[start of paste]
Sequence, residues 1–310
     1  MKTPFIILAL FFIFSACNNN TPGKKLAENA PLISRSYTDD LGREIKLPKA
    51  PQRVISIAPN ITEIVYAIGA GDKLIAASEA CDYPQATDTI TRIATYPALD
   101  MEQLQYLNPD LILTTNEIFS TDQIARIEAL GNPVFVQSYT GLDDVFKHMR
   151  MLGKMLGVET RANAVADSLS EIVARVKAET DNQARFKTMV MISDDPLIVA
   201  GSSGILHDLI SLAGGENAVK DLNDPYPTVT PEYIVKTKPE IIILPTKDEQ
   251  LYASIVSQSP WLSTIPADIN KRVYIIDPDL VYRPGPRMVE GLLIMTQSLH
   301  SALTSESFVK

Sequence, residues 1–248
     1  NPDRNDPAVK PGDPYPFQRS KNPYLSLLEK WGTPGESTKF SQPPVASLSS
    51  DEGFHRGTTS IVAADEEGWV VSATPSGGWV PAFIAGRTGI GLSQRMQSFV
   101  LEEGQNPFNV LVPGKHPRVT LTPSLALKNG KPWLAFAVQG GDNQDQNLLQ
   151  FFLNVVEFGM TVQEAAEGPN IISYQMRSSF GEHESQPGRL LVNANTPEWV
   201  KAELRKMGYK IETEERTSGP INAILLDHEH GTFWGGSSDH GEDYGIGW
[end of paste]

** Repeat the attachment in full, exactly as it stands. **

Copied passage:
Sequence, residues 1–310
     1  MKTPFIILAL FFIFSACNNN TPGKKLAENA PLISRSYTDD LGREIKLPKA
    51  PQRVISIAPN ITEIVYAIGA GDKLIAASEA CDYPQATDTI TRIATYPALD
   101  MEQLQYLNPD LILTTNEIFS TDQIARIEAL GNPVFVQSYT GLDDVFKHMR
   151  MLGKMLGVET RANAVADSLS EIVARVKAET DNQARFKTMV MISDDPLIVA
   201  GSSGILHDLI SLAGGENAVK DLNDPYPTVT PEYIVKTKPE IIILPTKDEQ
   251  LYASIVSQSP WLSTIPADIN KRVYIIDPDL VYRPGPRMVE GLLIMTQSLH
   301  SALTSESFVK

Sequence, residues 1–248
     1  NPDRNDPAVK PGDPYPFQRS KNPYLSLLEK WGTPGESTKF SQPPVASLSS
    51  DEGFHRGTTS IVAADEEGWV VSATPSGGWV PAFIAGRTGI GLSQRMQSFV
   101  LEEGQNPFNV LVPGKHPRVT LTPSLALKNG KPWLAFAVQG GDNQDQNLLQ
   151  FFLNVVEFGM TVQEAAEGPN IISYQMRSSF GEHESQPGRL LVNANTPEWV
   201  KAELRKMGYK IETEERTSGP INAILLDHEH GTFWGGSSDH GEDYGIGW